Representing one of the largest medical device markets in the world, the European Union (EU) recently underwent a significant regulatory shift. In 2016, the European Council, Parliament and Commission agreed on final regulatory texts that will govern medical devices and in vitro diagnostic medical devices (IVD), reportedly beginning in 2020. The proposed regulations, the Medical Devices Regulation (MDR)1 and the in vitro Diagnostic Medical Devices Regulation (IVDR)2 are designed to fill the regulatory gaps uncovered, as technology outpaced the current regulatory regime, which was last updated in 2007. This new regulatory order, reportedly scheduled to be published in the Official Journal of the European Union in the spring of 2017 and to become fully effective three to five years later, ushers in a new regulatory era for medical device and IVD manufacturers throughout the world.
This client alert, focusing on the common provisions found in both regulations, is the first in a series of three that examine the provisions of each new regulation and the potential impact on the medical device and IVD industry. The second client alert will focus on the provisions specifically related to medical devices in the MDR, and the third on the provisions specifically related to in vitro diagnostic medical devices in the IVDR. All three client alerts are based on the form of the proposed Regulations as of December 2016.
This alert will focus on the common provisions between the two proposed regulations, including:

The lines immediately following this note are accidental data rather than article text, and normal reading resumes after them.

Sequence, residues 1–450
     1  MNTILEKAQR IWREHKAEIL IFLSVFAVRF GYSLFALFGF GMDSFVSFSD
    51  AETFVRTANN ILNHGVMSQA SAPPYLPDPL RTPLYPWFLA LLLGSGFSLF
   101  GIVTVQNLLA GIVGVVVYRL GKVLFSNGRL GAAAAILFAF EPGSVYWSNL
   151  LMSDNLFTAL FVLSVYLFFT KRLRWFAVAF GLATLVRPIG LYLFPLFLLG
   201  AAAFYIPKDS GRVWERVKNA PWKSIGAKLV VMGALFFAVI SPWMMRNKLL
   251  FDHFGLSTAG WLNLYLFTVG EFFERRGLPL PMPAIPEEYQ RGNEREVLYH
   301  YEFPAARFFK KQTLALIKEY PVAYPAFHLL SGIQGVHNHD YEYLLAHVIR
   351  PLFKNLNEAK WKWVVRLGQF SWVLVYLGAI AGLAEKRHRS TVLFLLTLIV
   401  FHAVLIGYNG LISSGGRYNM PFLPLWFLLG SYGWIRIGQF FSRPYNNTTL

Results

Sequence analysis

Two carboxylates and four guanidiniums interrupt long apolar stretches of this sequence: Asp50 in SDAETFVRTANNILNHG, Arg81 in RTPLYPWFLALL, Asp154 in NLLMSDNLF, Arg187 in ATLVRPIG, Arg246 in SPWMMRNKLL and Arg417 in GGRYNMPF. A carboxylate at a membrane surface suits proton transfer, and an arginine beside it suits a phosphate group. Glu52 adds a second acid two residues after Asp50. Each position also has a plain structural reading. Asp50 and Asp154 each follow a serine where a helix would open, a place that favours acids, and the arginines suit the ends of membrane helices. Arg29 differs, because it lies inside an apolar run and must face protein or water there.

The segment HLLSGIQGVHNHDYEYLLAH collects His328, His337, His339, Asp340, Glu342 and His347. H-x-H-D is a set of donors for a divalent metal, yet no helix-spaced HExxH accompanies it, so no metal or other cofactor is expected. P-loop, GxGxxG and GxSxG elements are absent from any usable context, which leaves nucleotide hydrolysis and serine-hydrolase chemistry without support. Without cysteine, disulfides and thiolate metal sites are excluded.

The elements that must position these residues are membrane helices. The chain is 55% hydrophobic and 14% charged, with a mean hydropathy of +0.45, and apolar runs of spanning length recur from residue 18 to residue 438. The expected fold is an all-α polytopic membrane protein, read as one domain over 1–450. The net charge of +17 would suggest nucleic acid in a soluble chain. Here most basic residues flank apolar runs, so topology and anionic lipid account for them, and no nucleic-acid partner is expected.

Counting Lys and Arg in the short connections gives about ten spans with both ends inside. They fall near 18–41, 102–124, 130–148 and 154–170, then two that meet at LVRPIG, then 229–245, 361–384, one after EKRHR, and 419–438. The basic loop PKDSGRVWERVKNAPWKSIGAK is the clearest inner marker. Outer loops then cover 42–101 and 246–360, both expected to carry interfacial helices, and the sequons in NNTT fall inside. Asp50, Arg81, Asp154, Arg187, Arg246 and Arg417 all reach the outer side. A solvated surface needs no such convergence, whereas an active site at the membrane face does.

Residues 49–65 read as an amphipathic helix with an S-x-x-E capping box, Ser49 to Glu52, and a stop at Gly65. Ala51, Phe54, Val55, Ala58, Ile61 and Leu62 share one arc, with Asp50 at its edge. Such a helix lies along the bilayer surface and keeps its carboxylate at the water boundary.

Economic actors and regulatory duties
Regulatory enforcement actions
General quality management system requirements
Summary of safety and clinical performance
Unique Device Identifiers
General points on conformity assessments
Clinical investigations and performance studies
Medical devices and IVDs placed on the market in the EU are currently governed by a set of three main Directives.3 One important point differentiates these Directives from the proposed Regulations, and that is their mode of operation. Directives set out the results that should be achieved by the Member States, leaving each Member State to determine how it will achieve such results. A Member State must transpose the Directive's requirements into its own national laws. Regulations, on the other hand, are "binding in their entirety and directly applicable."4 This means that Regulations need not be transposed into national laws, and that they supersede incompatible national laws.5 Member States are not stripped of their authorities by a Regulation, however. The new regulations for medical devices and IVDs do allow Member States to continue to survey their own markets and make decisions as to whether a device is banned from the Member State's market.